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Vol. 43. Issue 2.
Pages 226-227 (April - June 2021)
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Vol. 43. Issue 2.
Pages 226-227 (April - June 2021)
Images in Clinical Hematology
Open Access
Erythropoietin-producing clear cell renal cell carcinoma associated with secondary polycythemia
João Tadeu Damian Souto Filhoa,b,
Corresponding author

Corresponding author at: Rua Barão da Lagoa Dourada, 320/1202, CEP: 28035-212, Campos dos Gotyacazes, RJ, Brazil.
, Ana Laura Oliveira Silveiraa, Arthur Pires Lacerdaa, Arthur Zopé Piresa, Luiza Reis de Salesa, Yasmim Passos Diasa
a Faculdade de Medicina de Campos (FMC), Campos dos Goytacazes, RJ, Brazil
b Instituto Federal de Educação, Ciência e Tecnologia Fluminense (IFF), Campos dos Goytacazes, RJ, Brazil
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A 65-year-old white female presented with dyspnea caused by ordinary physical activity for about 6 months, associated with episodes of headache, dizziness, mild paresthesia in hands and feet, and difficult-to-control arterial hypertension. Physical examination revealed a large mass in the left hypochondrium and flank. She started periodical phlebotomies as treatment for symptomatic polycythemia about 4 months ago. Laboratory tests showed red blood cell count of 8.15million/mm3, hemoglobin 17.2g/dL, hematocrit 57.9%, reticulocytes 2.2%, serum iron 53mcg/dL, ferritin 65.1ng/mL, LDH 646U/L, urea 25.8mg/dL, creatinine 0.7mg/dL, erythropoietin 82.5mIU/mL (reference range: 4.3–29.0mUI/mL) and negative JAK2 V617F mutation. Computed tomography (CT) scan of the abdomen revealed a left kidney with lobulated contours and heterogeneous density, with a large contrast-capturing heterogeneous nodule with central necrosis area, at upper pole with 10.3×8.5cm (Figure 1). The patient underwent left kidney nephrectomy with histopathological diagnosis of clear cell renal cell carcinoma (CCRCC). After surgery, the patient progressed with resolution of polycythemia and normalization of red blood count.

Figure 1.

Axial abdominal computed tomography showing a left kidney with lobulated contours and heterogeneous density, with a large contrast-capturing heterogeneous nodule (10.3×8.5cm) with central necrosis area.


Paraneoplastic polycythemia associated with excessive erythropoietin (EPO) production is rare, occurring in less than 1–5% of renal cell carcinomas.1 The relationship between CCRCC and secondary polycythemia has been gradually clarified. This neoplasm is usually associated with genetic alterations, and 70% associated with Von Hippel–Lindau (VHL) gene mutations. The usually hypoxic tumor microenvironment causes cells to acquire adaptive modifications such as increased expression of hypoxia-inducible transcription factor (HIF), which is composed of an α and β subunits. HIF-α level are determined by intracellular oxygen tension, and under normal conditions, functional VHL will decode a protein responsible for its rapid inactivation. Mutations of the VHL gene will compromise this process, causing the accumulation of intracellular HIF-α, activating elements responsive to hypoxia, leading to the DNA transcription of molecules that promote angiogenesis, cell proliferation, drug resistance and tumor progression. One of these hypoxia-induced molecules is EPO, which acts at the cellular level to stimulate erythropoiesis.1,2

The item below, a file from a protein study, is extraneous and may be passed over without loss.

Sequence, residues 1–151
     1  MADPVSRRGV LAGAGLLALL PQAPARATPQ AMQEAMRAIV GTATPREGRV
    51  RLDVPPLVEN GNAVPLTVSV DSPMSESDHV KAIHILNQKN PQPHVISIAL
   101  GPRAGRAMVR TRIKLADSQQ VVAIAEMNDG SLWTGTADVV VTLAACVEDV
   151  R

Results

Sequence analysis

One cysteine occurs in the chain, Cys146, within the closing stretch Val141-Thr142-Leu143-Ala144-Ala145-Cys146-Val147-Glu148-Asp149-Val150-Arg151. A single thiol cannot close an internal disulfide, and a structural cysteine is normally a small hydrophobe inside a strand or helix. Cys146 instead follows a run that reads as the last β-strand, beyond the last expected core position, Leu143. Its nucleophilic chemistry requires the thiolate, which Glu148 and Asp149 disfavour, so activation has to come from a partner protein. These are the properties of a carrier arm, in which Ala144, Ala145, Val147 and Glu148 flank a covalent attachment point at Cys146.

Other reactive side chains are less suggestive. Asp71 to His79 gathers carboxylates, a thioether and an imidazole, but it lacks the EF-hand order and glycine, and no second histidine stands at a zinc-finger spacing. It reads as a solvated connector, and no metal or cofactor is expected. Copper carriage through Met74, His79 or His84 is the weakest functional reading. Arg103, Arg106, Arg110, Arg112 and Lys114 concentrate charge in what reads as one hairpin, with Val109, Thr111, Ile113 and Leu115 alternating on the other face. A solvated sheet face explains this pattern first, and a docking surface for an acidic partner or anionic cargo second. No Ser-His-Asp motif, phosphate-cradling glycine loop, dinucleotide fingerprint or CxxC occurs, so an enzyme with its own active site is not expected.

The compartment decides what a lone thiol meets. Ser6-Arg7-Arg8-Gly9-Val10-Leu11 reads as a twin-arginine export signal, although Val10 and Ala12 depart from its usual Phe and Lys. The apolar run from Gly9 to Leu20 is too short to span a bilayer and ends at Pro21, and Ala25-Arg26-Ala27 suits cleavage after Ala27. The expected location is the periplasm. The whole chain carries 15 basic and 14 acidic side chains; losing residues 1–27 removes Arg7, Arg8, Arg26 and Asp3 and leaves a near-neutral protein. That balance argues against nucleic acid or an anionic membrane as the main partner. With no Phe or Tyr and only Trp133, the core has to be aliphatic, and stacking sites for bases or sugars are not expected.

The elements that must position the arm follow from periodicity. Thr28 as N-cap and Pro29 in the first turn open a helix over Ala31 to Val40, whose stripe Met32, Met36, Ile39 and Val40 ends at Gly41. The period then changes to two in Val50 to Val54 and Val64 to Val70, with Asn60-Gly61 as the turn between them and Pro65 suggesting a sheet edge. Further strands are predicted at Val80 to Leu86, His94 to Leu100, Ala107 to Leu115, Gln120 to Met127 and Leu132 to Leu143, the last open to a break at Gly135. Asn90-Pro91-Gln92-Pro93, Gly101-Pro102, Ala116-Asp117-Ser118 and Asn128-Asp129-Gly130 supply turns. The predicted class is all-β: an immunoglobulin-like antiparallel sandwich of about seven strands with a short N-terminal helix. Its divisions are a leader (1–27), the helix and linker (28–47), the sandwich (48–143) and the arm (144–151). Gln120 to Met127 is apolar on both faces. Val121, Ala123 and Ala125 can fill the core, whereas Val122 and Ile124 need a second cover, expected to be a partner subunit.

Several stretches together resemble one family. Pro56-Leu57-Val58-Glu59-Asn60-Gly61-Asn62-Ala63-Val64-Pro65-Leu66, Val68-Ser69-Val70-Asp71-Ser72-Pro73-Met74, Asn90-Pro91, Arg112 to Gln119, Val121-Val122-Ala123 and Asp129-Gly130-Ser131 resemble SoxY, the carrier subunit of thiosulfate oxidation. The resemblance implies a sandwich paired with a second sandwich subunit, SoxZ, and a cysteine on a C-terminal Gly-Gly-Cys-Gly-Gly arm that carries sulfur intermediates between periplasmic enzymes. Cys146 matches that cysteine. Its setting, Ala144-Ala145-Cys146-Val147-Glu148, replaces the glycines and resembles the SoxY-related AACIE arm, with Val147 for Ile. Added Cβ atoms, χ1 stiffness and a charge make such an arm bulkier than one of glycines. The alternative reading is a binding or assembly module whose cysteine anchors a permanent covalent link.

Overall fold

Although unusual, secondary EPO-producing kidney neoplasms should always be considered in the differential diagnosis of polycythemia. JAK2 V617F testing and abdominal imaging should be performed to avoid a misdiagnosis.

Conflicts of interest

The authors declare no conflicts of interest.

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Erythropoietin gene expression in renal carcinoma is considerably more frequent than paraneoplastic polycythemia.
Int J Cancer, 121 (2007), pp. 2434-2442
M.S. Wiesener, M. Seyfarth, C. Warnecke, J.S. Jurgensen, C. Rosenberger, N.V. Morgan, et al.
Paraneoplastic erythrocytosis associated with an inactivating point mutation of the von Hippel–Lindau gene in a renal cell carcinoma.
Blood, 99 (2002), pp. 3562-3565
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Hematology, Transfusion and Cell Therapy

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